Penicillin is the source (and member) of the 'Î²-lactam' class of antibiotics1. All members (aside from penicillin) have been modified chemically at Penicillin's R-group, which modifies its properties slightly and creates a slightly different drug.
Essentially however, the Î²-lactams action against bacteria centres on the differences in cell structure, in this case the presence of a cell wall3.
Almost all bacteria have cell walls in addition to a cytoplasmic membrane (except for instance Mycoplasmas and Chlamydias), unlike human cells whereby the contents of the cell are separated from the exterior by a simple lipid bilayer membrane2. The presence of a cell wall is a difference that is exploited by Î²-lactam antibiotics.
Both Gram-positive and Gram-negative bacteria have a rigid layer of peptidoglycan within their cell walls, a structure that is responsible for maintaining the integrity of bacterial cell walls3. The basic structure of peptidoglycan is chain of repeated glycan tetrapeptides, which is arranged in sheets. The glycan chains are cross-linked by peptides, which form strong glycosidic bonds to hold them together4.
Î²-lactam antibiotics bind to, and acylate, bacterial transpeptidase enzymes, which usually act to cross link the peptidoglycan sheets4. By irreversibly binding to these bacterial enzymes (which are also referred to as penicillin-binding proteins - PBPs) Î²-lactams will inhibit their activity, and prevent PBPs from completing their actions of cross linking residues in peptidoglycan3.Cell wall formation is hence inhibited, the peptidoglycan layer is weakened, damaging the integrity of the cell, resulting in bacterial cell swelling and lysis4.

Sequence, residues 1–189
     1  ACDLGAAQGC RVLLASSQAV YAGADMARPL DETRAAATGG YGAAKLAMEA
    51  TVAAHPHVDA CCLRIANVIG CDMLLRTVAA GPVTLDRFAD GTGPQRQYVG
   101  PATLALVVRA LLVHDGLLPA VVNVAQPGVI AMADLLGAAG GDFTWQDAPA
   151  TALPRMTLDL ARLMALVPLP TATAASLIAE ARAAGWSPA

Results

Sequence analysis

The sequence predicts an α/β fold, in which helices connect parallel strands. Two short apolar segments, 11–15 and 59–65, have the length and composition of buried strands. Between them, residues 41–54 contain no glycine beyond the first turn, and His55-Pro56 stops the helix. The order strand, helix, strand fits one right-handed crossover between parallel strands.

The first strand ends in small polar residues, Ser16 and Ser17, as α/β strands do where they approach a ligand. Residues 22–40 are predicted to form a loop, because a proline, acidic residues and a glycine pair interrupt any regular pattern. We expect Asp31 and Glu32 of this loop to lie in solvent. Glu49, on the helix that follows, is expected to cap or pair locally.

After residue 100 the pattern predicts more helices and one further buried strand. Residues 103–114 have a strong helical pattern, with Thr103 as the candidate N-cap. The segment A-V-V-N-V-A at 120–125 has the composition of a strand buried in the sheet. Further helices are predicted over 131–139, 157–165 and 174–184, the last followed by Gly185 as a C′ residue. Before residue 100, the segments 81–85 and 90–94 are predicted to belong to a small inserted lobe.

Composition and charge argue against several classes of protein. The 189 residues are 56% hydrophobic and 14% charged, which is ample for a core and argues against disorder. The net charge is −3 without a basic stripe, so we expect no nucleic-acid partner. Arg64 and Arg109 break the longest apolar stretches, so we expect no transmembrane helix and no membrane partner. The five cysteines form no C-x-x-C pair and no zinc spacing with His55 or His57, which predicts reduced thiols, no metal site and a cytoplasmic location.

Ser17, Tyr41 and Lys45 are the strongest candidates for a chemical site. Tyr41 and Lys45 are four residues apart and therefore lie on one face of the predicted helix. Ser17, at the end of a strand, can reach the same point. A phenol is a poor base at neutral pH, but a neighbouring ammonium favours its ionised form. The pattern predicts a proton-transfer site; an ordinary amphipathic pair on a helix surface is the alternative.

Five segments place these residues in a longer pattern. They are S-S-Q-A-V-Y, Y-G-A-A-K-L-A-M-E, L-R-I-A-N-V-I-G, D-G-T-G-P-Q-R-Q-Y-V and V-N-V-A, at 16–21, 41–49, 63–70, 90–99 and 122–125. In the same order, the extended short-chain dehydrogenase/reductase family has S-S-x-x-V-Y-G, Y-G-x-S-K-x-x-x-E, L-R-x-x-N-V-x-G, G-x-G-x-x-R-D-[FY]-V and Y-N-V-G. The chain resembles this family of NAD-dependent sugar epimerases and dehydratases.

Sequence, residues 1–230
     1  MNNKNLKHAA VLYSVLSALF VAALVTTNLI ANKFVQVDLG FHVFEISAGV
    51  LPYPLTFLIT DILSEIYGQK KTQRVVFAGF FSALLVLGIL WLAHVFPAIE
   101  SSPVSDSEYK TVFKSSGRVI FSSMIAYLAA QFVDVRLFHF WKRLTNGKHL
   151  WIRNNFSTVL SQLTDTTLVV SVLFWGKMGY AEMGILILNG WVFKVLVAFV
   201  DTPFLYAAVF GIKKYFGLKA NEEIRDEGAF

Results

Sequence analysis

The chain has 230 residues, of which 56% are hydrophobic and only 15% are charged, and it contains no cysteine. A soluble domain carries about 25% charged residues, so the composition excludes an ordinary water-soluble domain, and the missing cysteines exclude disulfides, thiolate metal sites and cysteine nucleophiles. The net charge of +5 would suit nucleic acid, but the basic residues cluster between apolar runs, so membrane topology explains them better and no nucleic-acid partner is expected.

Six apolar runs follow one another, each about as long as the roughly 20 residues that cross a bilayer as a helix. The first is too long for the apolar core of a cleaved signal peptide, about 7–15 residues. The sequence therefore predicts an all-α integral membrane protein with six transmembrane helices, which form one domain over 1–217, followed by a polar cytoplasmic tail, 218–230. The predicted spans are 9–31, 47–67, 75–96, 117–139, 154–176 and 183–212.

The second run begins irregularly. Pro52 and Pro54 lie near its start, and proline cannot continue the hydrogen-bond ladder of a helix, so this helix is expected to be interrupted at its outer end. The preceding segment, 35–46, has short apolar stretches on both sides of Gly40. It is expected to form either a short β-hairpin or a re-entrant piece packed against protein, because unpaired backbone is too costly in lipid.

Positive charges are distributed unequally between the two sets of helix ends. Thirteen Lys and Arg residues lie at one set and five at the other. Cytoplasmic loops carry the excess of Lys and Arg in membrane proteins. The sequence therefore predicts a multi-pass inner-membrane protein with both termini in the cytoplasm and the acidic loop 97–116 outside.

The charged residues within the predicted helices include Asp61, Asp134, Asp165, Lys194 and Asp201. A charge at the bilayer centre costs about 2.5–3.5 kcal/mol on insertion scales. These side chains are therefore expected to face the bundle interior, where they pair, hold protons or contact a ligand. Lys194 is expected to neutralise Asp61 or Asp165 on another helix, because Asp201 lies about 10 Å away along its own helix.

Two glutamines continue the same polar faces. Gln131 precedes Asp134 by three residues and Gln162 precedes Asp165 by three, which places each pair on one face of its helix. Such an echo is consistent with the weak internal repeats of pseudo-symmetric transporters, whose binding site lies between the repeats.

The affinity of Î²-lactams for bacterial transpeptidases can be illustrated simply, whereby transpeptidases can be observed to covalently bind to affinity columns containing Î²-lactam antibiotics such as ampicillin4.
The Î²-lactam antibiotics hence clearly target the cross-linking of peptidoglycan in the cell walls of bacteria, a feature not present in human( or eukaryotes cells), and because of this specificity Î²-lactam antibiotics are relatively non-toxic to humans and yet have bactericidal properties4.
As mentioned in the introduction above, human cells are eukaryotic cells and bacterial cells are prokaryotic. Due to this, human cells have ribosomes of a different type to bacterial cells. Human cells have an 80S [i] ribosome (made up from a large subunit of 60S and a small subunit of 40S) and bacterial cells have a 70S ribosome (with large and small subunits being 50S and 30S respectively)2.